OBSERVATION 6 – Failure to maintain buildings, fixtures, and physical facilities in repair sufficient to prevent food from becoming adulterated. Specifically, there are holes, open cracks, water damage and peeling paint/plaster in several ceiling and upper wall locations directly above exposed cheese on storage shelves and above or adjacent to food-contact surfaces. A section of the cheese room ceiling along the south wall is unfinished with exposed joists and insulation above the sink and clean utensil storage.

OBSERVATION 7 – The plant is not constructed in such a manner as to allow floors, walls, and ceilings to be adequately cleaned and kept clean and kept in good repair.  Specifically, there was extensive use of undressed wood throughout the facility to include the window sills/frames, door jambs, storage shelving, cheese screen boxes, ceiling supports, floor areas, steps, work counters and other fixtures. The concrete floors of the cheese processing and the lower aging rooms show exposed aggregate, cracks and broken sections that are pooling water and collecting debris. Ceiling areas in each of the rooms and some walls show evidence of water damage with sagging, boles/cracks, stains and peeling paint and plaster.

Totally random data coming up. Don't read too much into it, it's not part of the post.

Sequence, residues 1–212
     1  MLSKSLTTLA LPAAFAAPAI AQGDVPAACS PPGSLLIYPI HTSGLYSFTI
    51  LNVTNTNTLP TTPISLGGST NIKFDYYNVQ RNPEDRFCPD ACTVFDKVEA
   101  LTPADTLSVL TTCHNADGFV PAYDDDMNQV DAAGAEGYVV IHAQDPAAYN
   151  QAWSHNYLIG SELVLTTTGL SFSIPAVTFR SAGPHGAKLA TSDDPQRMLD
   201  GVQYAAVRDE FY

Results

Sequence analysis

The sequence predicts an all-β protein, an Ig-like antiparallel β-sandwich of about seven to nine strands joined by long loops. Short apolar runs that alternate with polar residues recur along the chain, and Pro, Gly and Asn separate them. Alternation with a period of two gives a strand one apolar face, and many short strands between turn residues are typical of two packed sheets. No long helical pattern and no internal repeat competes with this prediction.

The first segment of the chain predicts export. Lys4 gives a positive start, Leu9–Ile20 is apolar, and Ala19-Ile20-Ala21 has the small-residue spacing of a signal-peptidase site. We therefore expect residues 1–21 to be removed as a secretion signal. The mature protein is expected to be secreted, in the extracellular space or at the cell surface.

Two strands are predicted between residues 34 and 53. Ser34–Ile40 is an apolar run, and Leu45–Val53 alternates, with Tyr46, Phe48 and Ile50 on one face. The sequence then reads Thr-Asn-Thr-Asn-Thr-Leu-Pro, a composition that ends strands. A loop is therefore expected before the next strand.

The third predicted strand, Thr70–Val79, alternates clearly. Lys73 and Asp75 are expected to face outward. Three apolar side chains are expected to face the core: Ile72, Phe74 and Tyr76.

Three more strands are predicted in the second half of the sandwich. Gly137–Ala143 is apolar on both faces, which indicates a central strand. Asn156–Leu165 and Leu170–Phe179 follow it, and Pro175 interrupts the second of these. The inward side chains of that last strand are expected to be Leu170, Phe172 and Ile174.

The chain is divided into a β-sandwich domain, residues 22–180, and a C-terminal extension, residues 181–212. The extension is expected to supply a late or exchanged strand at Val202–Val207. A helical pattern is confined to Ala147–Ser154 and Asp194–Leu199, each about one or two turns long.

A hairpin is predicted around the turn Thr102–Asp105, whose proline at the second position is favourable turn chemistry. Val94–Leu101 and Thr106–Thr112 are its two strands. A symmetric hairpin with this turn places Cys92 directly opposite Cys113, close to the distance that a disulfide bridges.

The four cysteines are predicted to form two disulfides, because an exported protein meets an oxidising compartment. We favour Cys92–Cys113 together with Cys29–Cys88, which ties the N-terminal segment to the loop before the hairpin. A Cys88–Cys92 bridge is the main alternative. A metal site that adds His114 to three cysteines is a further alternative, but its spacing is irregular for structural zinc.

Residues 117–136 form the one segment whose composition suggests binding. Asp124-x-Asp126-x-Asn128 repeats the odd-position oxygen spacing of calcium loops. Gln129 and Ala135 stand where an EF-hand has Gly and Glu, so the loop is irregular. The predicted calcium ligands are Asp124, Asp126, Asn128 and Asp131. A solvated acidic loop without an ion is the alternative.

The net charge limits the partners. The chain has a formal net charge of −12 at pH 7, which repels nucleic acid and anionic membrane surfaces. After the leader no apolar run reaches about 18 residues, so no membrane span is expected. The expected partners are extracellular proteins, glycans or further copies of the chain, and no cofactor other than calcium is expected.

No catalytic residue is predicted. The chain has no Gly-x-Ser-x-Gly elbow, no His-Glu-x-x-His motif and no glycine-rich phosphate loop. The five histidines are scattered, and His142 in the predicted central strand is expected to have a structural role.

OBSERVATION 8 – Suitable outer garments are not worn that protect against contamination of food, food contact surfaces, and food packaging materials.  Specifically, the owner wore manure soiled outer clothing during the production of cheese; handling utensils and direct handling of finished product. Owner was observed kneeling in fresh cow manure, while milking a cow outside, then brushed pants with a bare hand and was later observed standing over a bucket of drained curd in the cheese room with the soiled pants coming into contact with the edge of the bucket.

OBSERVATION 9 – The design and materials of equipment and utensils does not allow proper cleaning. Specifically, glazed ceramic flowerpots (approx.6-8inch), some broken/cracked with missing pieces, were used as cheese molds. A flat wood stick (approx 1/4 x2xl4 inches) was observed on a work table in the cheese room during processing with fresh milk residue. The cheese screen boxes are constructed with undressed one-by pine boards. The welds along the interior bottom seams of the milk chill tank are rough and pitted.